Archive for the 'immigrants rights' Category Page 2 of 2

no one is illegal

let’s try that blog revival business one more time…

The current weather in New York City: sunny, not a cloud in the sky that I can see, 57 degrees.
Sounds like good weather for a protest. Soon as I am able, I’m leaving work and heading down towards City Hall for what will certainly be a massive demonstration of support for immigrants’ rights and condemndation of the racist, xenophobic, perhaps less obviously but still certainly homophobic, and just generally fucked up attitudes towards immigrants and immigration that pervade the US government.

It’s inspiring and exciting to see such a massive mobilization occuring in cities and towns across the country. I know that many years and countless hours of work have made such a mobilization possible. But in some ways it has this magical feel of coming out of nowhere, a popular uprising of people who may not share all of the same politics, philosophies, histories or ideologies but who are suddenly banding together to speak out against the disgusting legislation and its weak derivatives currently being considered and debated by the US Congress. (Well, not quite currently, as they’re in recess right now, but, you know.)

One thing that I’ve found unsettling, though, in listening to coverage about the protests thusfar, is this “good immigrant/bad immigrant” rhetoric that’s present in what some people are saying, protesters and organizers alike. This morning, while listening to NPR, I heard one woman speak about how Latino immigrants aren’t doing anything to harm this country, that they “love America” and just want to become good, hard-working Americans. Then I heard one organizer, speaking at one of the rallies, say something like this: “Nineteen people hijacked planes and participated in the 9/11 attacks, and not one of them were named Gonzales, Rodriguez, or Santiago. But you can bet that many of the people dying serving their country in Iraq are named Gonzales, Rodriguez, and Santiago…” so on and so forth.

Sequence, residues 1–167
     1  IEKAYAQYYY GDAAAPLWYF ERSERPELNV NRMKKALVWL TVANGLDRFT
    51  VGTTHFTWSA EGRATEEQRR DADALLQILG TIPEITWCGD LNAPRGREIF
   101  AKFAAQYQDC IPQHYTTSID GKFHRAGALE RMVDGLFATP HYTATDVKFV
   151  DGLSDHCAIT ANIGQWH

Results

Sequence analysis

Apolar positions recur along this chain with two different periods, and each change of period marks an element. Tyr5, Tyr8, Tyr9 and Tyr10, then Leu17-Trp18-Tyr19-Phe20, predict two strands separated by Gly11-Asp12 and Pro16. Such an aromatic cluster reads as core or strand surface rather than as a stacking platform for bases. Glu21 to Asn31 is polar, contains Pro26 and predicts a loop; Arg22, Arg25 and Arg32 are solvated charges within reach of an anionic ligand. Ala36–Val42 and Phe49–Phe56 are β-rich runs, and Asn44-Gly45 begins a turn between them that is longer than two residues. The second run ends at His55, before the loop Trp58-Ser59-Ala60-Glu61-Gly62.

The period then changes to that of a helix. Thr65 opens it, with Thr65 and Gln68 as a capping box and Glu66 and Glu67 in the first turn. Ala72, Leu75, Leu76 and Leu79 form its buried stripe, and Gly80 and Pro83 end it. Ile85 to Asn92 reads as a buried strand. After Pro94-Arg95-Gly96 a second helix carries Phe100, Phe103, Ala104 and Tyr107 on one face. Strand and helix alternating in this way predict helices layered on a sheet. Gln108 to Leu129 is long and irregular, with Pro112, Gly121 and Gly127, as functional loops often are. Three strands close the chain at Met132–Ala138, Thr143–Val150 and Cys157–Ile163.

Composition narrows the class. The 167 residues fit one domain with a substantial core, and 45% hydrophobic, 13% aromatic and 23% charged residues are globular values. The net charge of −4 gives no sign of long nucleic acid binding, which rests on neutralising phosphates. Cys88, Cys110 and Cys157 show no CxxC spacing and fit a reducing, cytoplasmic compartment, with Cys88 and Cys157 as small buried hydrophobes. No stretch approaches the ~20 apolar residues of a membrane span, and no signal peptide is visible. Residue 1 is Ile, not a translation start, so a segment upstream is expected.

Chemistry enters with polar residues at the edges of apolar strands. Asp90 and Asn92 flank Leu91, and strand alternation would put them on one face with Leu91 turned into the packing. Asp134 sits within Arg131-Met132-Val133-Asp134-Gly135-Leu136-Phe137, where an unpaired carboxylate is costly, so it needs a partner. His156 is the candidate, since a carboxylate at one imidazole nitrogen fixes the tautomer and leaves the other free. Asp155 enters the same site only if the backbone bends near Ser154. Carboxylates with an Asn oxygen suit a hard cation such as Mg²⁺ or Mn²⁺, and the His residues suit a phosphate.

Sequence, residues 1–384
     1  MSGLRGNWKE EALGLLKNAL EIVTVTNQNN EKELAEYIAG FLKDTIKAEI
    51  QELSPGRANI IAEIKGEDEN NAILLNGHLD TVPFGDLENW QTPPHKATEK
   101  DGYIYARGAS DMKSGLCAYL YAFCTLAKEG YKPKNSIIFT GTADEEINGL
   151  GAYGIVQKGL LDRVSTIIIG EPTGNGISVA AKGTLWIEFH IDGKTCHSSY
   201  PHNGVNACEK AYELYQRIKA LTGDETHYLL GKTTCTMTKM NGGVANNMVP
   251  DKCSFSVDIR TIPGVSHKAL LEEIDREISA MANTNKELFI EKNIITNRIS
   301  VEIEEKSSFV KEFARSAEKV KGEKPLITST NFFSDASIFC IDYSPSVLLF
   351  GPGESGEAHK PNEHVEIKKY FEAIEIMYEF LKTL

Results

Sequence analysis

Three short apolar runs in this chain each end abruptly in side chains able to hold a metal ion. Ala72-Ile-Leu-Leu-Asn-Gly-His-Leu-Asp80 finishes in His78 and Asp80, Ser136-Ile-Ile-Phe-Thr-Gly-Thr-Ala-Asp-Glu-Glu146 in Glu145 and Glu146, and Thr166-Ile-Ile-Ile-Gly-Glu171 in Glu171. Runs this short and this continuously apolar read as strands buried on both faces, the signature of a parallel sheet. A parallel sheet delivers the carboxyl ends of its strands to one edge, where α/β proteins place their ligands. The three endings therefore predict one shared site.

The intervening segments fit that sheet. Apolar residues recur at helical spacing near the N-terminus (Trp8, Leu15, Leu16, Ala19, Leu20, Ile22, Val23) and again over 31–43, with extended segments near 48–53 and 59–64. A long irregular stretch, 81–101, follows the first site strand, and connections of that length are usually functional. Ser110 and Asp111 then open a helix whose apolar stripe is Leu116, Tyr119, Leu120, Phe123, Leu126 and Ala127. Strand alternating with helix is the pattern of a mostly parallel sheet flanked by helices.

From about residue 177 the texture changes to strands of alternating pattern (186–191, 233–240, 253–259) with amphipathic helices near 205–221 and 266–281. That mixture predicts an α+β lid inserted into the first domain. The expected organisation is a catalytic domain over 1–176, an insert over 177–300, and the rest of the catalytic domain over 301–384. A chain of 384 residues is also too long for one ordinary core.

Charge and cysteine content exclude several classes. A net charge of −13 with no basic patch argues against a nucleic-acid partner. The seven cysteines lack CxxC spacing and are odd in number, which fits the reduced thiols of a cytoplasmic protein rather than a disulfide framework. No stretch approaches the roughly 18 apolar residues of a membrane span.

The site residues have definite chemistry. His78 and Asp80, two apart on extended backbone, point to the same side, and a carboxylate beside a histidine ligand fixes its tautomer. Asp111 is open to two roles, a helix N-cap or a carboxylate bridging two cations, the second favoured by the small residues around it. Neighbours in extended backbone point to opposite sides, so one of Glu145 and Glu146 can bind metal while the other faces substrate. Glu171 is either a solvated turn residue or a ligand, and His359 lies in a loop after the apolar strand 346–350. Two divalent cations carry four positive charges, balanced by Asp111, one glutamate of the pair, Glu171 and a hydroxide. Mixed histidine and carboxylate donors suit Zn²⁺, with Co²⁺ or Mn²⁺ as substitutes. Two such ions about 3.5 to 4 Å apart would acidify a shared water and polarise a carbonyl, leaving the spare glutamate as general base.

I understand that much of this is in response to the whole immigration debate getting wrapped up in worries about “national security” – how the specter of terrorism seems to make allowances for all manner of discrimination, racism and xenophobia, and how countless immigrants are nonsensically made to suffer because of it. However, it definitely seems like a very bad, very problematic move to buy into this sort of dichotomy that pits “good” immigrants or “good” brown folks (here, Latinos) against “bad” ones (apparently people of Arab or Middle Eastern descent – because, you know, the actions of individuals become the responsibility, the fault, the burden of their entire race and religion.) Latinos, like all other immigrants to the United States, deserve to be treated with respect and dignity and are entitled to certain rights and protections because they are human beings, not because they’re good, flag-waving*, American-loving immigrants. No one is illegal, no matter whether your name is Juan or Mohammed, Gonzales or Atta.